New Year and fireworks. Pop! Bang! Whooo! Boom! We love them. These are the sounds of celebration. Although the basic recipe and techniques used in preparing the black powder (gun powder) in modern-day fireworks is the same as it was 500 years ago, advances in chemistry have allowed us to create spectacular displays we enjoy today. Join our speaker, Chris Mocella as he describes the delicate chemistry that brings loud sounds and brilliant colorful images to welcome your new year. Just don’t try this at home!
“Welcoming 2012: The Chemistry of Fireworks” A short presentation followed by Q&A with speaker Dr. Chris Mocella, U.S. Customs and Border Protection Laboratories.
What You Will Learn
- The basic “re-dox” principles in pyrotechnic reactions
- Chemical ingredients in fireworks
- Putting fireworks together and igniting them
- Special effects: color generation and “stars”
- And much more…
Date: Thursday, December 8, 2011
Time: 2:00-3:00 pm ET
Meet Your Experts
Chris Mocella began working with Dr. John Conkling as an undergraduate research associate while pursuing his Bachelor’s degree in chemistry at Washington College in Chestertown, MD, with a focus on energetic materials and pyrotechnics. Chris continued working with the Summer Pyrotechnic Seminar series while attending the University of Virginia for graduate school in organometallic chemistry. He is now a tenured chemist with the U.S. Customs and Border Protection Laboratories. Most recently, Chris was co-author on the second addition of Dr. Conkling’s The Chemistry of Pyrotechnics book.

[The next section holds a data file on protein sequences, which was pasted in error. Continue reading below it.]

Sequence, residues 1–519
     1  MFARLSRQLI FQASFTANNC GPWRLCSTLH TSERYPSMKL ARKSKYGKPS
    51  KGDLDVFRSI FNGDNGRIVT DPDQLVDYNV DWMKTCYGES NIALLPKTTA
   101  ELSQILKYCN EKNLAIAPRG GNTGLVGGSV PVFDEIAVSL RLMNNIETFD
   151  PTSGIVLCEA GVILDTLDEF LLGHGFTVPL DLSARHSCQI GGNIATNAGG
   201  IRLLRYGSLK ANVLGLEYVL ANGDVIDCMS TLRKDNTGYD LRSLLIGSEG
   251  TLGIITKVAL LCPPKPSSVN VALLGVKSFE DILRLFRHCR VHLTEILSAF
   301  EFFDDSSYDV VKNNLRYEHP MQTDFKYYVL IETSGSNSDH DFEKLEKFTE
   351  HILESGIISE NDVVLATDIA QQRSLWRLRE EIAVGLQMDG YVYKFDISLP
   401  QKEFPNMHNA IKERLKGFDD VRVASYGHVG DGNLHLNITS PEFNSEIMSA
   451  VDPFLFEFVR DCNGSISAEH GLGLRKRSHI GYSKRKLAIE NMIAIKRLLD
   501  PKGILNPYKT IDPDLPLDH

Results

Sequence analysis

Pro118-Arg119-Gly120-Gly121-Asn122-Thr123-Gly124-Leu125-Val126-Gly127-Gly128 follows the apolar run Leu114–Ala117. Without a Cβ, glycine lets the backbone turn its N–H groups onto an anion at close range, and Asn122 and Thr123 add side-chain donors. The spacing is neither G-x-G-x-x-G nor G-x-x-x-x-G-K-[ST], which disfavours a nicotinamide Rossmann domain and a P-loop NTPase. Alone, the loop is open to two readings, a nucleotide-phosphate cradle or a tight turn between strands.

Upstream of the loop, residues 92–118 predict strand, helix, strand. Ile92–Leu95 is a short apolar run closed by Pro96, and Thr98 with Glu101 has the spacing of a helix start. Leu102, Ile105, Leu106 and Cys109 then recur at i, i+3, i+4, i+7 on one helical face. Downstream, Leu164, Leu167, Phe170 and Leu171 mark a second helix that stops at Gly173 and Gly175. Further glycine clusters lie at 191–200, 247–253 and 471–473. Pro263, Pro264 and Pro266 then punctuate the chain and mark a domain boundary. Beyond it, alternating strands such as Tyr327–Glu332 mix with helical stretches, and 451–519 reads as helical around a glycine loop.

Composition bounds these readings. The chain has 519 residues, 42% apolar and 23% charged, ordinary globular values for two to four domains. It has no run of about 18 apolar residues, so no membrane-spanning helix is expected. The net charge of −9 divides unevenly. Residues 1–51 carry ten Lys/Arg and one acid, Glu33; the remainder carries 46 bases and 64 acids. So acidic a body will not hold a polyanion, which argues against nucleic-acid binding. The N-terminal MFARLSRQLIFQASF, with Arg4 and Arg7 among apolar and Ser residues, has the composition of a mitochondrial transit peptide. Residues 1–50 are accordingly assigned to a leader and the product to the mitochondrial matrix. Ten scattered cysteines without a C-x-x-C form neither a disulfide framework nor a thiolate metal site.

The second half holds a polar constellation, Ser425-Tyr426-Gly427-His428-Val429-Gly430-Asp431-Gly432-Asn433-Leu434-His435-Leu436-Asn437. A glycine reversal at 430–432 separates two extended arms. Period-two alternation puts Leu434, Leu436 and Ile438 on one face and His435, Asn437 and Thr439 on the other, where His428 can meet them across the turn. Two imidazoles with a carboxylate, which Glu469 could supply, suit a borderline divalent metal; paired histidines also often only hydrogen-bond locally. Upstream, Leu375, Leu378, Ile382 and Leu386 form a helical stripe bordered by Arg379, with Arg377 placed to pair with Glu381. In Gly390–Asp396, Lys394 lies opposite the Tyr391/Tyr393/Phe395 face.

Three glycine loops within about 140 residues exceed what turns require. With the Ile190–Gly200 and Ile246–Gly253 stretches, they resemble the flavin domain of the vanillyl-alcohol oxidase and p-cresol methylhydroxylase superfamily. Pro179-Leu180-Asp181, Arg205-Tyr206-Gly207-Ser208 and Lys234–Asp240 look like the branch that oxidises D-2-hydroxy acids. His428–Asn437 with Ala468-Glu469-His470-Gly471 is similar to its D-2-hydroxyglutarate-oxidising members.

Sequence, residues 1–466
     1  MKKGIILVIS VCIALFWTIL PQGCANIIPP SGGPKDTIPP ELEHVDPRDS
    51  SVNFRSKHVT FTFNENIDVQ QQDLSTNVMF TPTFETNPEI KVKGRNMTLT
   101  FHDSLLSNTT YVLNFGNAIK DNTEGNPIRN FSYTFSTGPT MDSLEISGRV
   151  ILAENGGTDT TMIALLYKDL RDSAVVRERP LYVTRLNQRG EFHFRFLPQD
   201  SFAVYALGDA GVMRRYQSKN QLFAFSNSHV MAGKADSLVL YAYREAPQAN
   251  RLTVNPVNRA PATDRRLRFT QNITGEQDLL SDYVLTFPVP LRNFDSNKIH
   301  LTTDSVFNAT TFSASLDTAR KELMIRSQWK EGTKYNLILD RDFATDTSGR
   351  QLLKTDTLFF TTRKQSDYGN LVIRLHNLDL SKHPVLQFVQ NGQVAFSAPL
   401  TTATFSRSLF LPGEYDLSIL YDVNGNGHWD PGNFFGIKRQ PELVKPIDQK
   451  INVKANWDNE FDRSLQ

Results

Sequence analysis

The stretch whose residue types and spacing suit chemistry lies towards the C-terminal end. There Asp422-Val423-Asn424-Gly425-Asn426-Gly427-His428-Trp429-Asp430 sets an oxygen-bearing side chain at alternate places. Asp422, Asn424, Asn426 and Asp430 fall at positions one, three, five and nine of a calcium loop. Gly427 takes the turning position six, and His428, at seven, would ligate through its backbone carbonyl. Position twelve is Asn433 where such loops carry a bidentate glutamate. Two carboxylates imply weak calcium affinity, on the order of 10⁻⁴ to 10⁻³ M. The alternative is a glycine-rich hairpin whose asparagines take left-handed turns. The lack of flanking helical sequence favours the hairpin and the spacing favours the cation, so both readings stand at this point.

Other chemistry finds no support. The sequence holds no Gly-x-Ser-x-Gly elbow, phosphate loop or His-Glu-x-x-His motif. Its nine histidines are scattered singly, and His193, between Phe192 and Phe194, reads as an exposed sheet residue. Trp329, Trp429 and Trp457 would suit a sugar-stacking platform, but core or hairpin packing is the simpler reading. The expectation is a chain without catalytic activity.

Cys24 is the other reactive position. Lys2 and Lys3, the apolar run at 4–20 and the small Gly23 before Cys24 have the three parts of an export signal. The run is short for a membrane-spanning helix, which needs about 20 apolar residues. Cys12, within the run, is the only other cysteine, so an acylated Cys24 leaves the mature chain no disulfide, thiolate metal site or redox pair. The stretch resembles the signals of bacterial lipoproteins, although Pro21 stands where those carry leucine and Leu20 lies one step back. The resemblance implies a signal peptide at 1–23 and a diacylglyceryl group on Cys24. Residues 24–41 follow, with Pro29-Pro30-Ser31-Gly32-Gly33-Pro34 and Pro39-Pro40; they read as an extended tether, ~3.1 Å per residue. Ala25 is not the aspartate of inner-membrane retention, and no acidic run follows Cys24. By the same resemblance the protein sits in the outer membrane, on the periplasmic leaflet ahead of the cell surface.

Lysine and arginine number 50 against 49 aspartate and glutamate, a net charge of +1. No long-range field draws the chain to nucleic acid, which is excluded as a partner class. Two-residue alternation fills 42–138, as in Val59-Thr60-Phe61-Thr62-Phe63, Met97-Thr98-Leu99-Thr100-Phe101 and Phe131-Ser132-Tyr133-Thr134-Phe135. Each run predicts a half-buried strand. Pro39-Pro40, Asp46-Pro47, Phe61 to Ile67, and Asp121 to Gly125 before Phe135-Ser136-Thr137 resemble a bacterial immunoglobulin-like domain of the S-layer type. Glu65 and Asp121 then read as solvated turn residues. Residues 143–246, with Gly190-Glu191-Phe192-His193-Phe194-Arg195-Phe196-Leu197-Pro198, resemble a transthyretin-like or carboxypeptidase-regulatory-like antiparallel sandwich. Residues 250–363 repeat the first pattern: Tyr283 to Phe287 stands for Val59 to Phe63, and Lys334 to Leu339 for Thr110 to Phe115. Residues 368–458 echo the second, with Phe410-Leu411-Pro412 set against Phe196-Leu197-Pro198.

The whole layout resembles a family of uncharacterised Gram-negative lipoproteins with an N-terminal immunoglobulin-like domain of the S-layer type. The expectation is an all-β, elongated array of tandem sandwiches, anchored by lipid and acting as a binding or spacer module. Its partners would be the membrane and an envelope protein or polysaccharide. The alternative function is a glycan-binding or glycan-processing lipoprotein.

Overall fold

Prof. Maynard is a leading authority on the responsible development and use of emerging technologies. His research interests span identifying, assessing and managing emergent risks, to exploring innovative solutions to established and emerging human health and environmental risks, to equipping people with the tools they need to make informed decisions in the face of risk and uncertainty. Prof. Maynard is a member of the World Economic Forum Global Agenda Council on the Challenges of Emerging Technologies, serves on numerous review and advisory panels around the world, and has testified on a number of occasions before U.S. Congressional committees. He appears frequently in print and on television and radio, and writes regularly on science and society at http://2020science.org/
Enjoy some Pyrotechnics Science from ACS:
The Fine Print
ACS Webinars™ does not endorse any products or services. The views expressed in this presentation are those of the presenters and do not necessarily reflect the views or policies of the American Chemical Society.